Thor: Thunder Down Under

Kieron Gillen takes Asgard's mightiest son to the land of the dead in THOR #611!

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THOR #611 preview art by Richard Elson
By Jim Beard

"This story is about trying to reclaim the possibility of a future," announces writer Kieron Gillen of THOR #611, out June 23 with art by Richard Elson. "If all Asgardians are doomed to be eaten by desperate, ravening monsters when they die, they don't have a future. This is about Thor wrestling with that possibility, trying to create the possibility of hope and having to cross Hell to do so. Because if he doesn't, being dead will be the least of the dead's problem; they'll be annihilated. Their forevers, forever gone."

After the cataclysmic events of Siege, the God of Thunder must for now suspend his protection of Earth and attend to those among his kind who fell honorably in the recent battle. But to where did their souls fly and who's watching over them?

"Those who read the SIEGE: LOKI special will know that with her true Hel presently inaccessible, Hela bartered for a new, temporary Hel to keep the Asgardian dead safe from those who'd predate upon them," Gillen explains. "This arc is about those measures completely failing. They're not safe after all. Someone should have read the fine print."

The tale that unfolds beginning in THOR #611 in part revolves around relationships and ties of one kind or another that bind such heroes as Thor to personages of both low and high character: Hela, mistress of the Norse dead, and Balder the Brave being examples, as well as Thor's late brother, Loki.

"Hela and Thor are normally seen as enemies," says Gillen. "Here, their interests overlap. Neither want the dead annihilated and they're forced to

THOR #611 preview art by Richard Elson
work together to do so. In fact, Hela has to come in utter desperation to them. She needs Asgard's help. Due to the situation, they can only send a couple [warriors], so they send Thor and Tyr. Asgard's biggest gun and the one god who's had experience fighting those that are threatening the dead.

"Thor-and Balder, for that matter-are conflicted. As we saw in THOR #610, they really haven't truly grasped what Loki was up to. He brought Asgard crashing down, yet he also saved them. There's still much [about] Loki's actions which the Asgardians don't know. He's kept them hidden, even beyond the grave. This arc features a few more of them creeping into the light."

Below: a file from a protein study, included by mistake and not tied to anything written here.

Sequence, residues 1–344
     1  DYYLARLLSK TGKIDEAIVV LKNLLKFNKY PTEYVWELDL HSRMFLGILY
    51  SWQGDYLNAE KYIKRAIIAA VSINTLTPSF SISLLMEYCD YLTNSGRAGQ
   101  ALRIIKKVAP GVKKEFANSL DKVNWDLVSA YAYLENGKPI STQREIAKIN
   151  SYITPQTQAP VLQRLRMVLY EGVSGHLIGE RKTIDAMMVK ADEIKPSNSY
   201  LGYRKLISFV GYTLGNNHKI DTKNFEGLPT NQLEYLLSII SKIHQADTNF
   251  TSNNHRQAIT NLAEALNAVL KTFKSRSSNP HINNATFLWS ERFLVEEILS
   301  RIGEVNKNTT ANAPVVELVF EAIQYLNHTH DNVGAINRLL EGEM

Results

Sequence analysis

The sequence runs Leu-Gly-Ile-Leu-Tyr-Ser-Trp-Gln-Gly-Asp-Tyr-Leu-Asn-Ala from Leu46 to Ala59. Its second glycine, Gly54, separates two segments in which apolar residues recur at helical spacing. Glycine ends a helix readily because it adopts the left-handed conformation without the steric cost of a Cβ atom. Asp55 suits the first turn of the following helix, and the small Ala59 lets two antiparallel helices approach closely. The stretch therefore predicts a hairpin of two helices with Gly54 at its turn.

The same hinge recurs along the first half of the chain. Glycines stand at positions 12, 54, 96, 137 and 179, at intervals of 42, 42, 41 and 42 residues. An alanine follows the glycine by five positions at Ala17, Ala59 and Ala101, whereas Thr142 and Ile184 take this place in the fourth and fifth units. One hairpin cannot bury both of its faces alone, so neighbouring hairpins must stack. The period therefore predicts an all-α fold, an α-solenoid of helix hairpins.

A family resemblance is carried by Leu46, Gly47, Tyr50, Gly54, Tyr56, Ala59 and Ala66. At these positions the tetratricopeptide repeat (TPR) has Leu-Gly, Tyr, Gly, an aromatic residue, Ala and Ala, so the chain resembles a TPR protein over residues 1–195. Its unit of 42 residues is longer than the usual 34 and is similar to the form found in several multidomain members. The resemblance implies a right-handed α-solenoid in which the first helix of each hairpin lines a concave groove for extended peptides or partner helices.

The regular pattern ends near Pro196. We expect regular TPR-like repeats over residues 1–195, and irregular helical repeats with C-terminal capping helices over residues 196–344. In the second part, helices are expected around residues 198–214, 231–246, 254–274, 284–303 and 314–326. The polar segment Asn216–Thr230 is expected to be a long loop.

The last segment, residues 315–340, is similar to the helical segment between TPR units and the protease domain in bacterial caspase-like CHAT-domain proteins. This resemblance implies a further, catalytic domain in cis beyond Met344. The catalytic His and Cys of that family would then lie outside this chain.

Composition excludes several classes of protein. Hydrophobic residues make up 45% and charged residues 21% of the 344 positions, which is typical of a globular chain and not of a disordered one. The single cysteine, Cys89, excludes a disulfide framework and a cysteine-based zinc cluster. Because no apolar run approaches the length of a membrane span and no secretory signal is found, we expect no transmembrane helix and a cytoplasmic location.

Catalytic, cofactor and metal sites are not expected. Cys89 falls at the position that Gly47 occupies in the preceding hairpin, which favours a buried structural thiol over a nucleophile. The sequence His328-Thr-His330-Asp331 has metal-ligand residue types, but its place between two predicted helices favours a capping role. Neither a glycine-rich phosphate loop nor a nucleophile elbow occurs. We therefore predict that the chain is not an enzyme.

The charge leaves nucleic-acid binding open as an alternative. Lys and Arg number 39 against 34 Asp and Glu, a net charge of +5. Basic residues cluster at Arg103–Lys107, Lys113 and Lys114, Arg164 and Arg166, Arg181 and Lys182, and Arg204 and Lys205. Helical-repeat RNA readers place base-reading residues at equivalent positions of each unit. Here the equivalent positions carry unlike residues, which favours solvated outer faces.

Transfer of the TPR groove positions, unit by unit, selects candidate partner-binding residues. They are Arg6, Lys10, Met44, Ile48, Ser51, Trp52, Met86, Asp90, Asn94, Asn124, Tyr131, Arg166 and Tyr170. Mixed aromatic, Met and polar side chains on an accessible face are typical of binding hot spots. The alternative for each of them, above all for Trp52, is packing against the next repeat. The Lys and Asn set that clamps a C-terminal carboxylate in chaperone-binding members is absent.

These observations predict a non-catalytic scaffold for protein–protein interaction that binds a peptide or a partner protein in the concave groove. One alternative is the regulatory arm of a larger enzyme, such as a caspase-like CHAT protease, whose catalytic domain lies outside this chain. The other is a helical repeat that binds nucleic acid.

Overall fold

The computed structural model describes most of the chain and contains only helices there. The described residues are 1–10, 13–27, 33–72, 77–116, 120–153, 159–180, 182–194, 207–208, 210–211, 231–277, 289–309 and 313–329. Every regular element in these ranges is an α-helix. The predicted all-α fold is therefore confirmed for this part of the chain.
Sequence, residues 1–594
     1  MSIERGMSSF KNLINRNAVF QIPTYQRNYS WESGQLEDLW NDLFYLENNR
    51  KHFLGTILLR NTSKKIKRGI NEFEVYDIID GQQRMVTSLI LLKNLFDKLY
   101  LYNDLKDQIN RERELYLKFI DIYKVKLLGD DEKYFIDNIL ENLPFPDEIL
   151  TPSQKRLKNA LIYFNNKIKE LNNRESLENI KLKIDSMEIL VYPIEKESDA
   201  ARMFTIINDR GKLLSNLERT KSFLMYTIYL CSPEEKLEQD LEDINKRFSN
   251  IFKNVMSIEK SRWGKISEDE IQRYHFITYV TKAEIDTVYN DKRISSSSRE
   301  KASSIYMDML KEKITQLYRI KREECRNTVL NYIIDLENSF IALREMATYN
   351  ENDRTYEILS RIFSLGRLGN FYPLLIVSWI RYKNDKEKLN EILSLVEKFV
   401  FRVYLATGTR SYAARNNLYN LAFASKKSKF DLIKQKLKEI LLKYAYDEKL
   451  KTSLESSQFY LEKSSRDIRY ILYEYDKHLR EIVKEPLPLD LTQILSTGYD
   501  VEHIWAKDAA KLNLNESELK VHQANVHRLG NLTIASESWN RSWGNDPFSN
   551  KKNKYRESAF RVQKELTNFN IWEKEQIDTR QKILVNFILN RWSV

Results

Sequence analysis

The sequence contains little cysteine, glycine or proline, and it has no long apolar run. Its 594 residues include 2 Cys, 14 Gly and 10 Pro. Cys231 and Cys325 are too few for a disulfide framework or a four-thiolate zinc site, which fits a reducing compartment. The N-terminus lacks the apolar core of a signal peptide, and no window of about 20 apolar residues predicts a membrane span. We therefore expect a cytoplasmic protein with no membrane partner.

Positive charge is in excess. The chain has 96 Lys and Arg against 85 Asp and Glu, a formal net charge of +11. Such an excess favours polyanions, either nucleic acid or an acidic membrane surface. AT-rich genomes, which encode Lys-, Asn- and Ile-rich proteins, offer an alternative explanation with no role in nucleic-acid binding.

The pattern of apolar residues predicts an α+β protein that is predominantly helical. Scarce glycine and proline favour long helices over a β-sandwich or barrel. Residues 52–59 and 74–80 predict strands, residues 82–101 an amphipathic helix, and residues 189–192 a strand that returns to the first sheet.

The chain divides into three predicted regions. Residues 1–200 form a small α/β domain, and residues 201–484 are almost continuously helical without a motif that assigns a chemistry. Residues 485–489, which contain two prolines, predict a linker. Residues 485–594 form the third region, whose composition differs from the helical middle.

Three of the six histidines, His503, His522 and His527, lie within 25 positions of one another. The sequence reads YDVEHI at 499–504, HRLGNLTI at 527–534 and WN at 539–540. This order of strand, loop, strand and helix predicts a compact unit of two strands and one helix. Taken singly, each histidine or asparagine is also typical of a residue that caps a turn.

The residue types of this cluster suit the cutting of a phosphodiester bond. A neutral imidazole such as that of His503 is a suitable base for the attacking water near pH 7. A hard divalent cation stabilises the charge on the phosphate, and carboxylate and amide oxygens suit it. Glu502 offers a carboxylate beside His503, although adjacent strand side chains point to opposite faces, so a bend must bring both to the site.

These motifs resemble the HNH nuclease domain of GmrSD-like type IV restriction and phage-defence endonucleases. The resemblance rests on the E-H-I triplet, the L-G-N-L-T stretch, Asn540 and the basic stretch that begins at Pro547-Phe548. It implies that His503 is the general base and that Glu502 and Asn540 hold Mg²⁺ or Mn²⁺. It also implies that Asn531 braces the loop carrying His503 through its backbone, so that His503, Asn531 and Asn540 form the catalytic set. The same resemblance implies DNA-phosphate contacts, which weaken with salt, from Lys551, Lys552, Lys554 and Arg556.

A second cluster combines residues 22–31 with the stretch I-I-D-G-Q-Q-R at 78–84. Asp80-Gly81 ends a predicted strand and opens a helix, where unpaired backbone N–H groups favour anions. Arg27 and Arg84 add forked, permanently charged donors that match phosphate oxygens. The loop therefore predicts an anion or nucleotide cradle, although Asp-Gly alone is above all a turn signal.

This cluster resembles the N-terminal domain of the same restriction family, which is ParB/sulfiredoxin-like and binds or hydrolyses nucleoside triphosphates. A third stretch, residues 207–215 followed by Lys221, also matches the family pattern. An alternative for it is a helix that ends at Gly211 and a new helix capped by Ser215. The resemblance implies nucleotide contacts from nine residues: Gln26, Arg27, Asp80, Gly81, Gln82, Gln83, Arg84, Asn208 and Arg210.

The God of Thunder, legendary throughout the Marvel Universe as a champion of life, strikes Gillen as a character who represents a "rarity" among others he's written.

"[Thor is] a true 100% hero," he asserts. "He's the greatest hero of the Aesir, a race of godly heroes. This carries enormous responsibilities. He's who everyone measures themselves against, and through the Siege arc, we saw how all the Asgardians tried to live up to the shadow of Thor. Living up to Thor's shadow isn't any easier when you're Thor himself, and that's my way into him. Thor simply can't allow himself to be a little weak. Even if he isn't the leader of Asgard, he's their hero. When things are as bad as they are, he can't allow himself to even budge an inch. Thor falls and whatever's left of Asgard's spirits falls too.

THOR #611 preview art by Richard Elson
"My personal way of looking at heroes isn't just about power. It's about sacrifice. It's not measured by whether you win. It's what you'd risk giving away to achieve that. There's a lot of that in this story."

The writer's plan for the story also involves a duality in Thor's role, which changes depending upon his locale and its particular nature.

"Hel is currently situated in a little of Mephisto's Hell," Gillen notes. "Thor's journey takes him both to this temporary Hel and the true-Hell of Mephisto. In one place, he's the last defender. In the other, he's a questing knight, a pilgrim seeking redemption for his people. As you can imagine, Hell doesn't have much time for either knights or pilgrims."

When the reader finishes this arc, Gillen believes his purposes will ring out, like a hammer to an anvil, as well as his metaphors of life and death and the pursuit of each.

"Metaphors are awesome," he enthuses. "And metaphors involving epic, metal-album-cover rampages across the afterlife are my favorite metaphors."

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      3 comments
      GammaCosmic
      GammaCosmic

      I think I will jump back on and start reading this series.

      spidergreen12
      spidergreen12

      art is pretty good,but i wish gillen would stay on thor permentaly,fraction is a great ironman and xmen writer but i dont think he would do the same with thor